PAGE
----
This year, the Hyde Street Pier Model Shipwrights club didn’t have the usual annual BBQ due to schedule conflict among members. We put it off a couple times, and next thing you know, the weather isn’t good for it. So, instead, we decided to have a club sponsored lunch. There were a couple possibilities, but since Paul Reck is an associate member of the St. Francis Yacht Club, we decided it would be a nice location for our club lunch, and so we scheduled the lunch to follow our November meeting.
HSPMS member Paul Reck shares some photos showing his progress on his 1776 Lake Champlain gunboat Philadelphia, which he is building from scratch in 1/24 scale, based on plans purchased from the Smithsonian.
The original boat was built on Lake Champlain as part of a small fleet of boats by Benedict Arnold in 1776. The project was a race to hold off British plans to move into the Hudson River valley. The boat was lost in the Battle of Valcour Island later in the year, but the loss of this and the other boats of the fleet was a strategic victory for the Americans, as it held off British plans until the end of the campaign year, when it became too late for the British to carry them out for another year.
Member Clare Hess posts his latest update on building (and modifying) Amati’s Swedish Gunboat kit. This is a small, inexpensive kit that is short on instructions. Not ideal for beginners, but a nice kit for experienced ship modelers looking for a simple project.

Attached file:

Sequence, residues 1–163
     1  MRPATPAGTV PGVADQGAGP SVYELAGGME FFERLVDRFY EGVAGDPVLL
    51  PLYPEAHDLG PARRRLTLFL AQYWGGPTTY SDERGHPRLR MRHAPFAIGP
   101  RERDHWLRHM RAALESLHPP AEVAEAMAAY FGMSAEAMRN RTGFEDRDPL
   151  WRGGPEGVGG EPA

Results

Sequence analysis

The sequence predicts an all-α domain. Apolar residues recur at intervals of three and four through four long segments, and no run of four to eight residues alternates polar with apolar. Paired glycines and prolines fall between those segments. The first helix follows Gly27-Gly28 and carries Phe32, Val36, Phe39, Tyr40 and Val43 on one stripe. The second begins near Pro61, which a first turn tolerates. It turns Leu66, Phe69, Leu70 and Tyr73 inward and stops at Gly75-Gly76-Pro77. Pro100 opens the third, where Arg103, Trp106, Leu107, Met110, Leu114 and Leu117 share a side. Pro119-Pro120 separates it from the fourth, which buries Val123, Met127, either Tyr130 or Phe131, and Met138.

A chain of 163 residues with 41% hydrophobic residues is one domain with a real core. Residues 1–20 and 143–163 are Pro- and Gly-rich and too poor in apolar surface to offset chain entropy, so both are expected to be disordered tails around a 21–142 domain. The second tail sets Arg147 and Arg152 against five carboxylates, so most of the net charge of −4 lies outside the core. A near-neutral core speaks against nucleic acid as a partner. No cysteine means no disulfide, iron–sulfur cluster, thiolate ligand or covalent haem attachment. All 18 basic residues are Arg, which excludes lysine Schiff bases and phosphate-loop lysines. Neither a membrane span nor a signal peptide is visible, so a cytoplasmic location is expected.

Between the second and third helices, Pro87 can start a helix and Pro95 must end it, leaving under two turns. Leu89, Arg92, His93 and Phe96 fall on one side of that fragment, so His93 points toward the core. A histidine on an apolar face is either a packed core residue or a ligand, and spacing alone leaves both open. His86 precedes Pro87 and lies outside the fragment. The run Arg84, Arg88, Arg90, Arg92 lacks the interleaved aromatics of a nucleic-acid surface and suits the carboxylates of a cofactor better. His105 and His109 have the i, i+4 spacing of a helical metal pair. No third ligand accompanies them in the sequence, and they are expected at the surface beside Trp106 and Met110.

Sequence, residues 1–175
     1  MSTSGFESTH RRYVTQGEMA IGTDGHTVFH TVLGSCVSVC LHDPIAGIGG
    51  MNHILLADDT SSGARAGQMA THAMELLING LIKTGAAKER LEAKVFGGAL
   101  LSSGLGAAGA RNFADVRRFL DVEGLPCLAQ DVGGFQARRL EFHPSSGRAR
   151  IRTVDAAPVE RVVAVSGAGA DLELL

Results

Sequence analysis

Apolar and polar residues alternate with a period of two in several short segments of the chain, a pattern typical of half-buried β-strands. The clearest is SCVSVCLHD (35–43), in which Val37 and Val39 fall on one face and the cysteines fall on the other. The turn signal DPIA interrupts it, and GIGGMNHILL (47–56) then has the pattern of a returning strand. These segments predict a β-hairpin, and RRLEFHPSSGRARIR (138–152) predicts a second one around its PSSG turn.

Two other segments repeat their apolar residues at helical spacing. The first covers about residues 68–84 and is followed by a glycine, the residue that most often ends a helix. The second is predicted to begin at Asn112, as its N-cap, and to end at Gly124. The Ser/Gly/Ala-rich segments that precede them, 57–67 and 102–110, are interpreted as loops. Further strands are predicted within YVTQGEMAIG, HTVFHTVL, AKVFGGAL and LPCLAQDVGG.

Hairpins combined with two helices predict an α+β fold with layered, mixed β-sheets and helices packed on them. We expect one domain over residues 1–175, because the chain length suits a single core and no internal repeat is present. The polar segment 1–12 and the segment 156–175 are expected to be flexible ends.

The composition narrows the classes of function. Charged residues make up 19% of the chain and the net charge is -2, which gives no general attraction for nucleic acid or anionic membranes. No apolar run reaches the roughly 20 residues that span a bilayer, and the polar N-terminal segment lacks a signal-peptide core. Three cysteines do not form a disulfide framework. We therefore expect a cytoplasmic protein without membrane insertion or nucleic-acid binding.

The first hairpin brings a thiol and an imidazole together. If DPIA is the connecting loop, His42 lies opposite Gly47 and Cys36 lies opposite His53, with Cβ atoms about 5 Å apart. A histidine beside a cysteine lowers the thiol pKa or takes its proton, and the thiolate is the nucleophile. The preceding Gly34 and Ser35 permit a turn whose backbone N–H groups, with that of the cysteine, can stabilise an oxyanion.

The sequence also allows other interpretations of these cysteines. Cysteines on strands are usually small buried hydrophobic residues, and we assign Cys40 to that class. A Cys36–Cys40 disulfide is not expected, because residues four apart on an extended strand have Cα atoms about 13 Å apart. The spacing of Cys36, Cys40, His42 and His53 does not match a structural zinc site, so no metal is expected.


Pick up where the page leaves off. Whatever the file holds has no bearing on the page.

Following our meeting in October, it was clear it was time to finish up the Swedish Gunboat build. We’re down to three active builders of this model from the five that started, which isn’t too bad. One of our builders decided to finish his up as a gift for someone, and the other is a beginning ship modeler who is anxious to get to his next project. I’m also ready to have a project actually reach completion.
Rigging and Sails
I shaped the masts and the two lugsail yards some time back. I originally added a ball to the tops of the masts as shown on the kit plans, but replaced them with a thinner pole after looking at the photos of the museum model. The presence of the pole creates a shoulder at the top of the mast, that helps secure the shrouds and stays. While modifying the masts…
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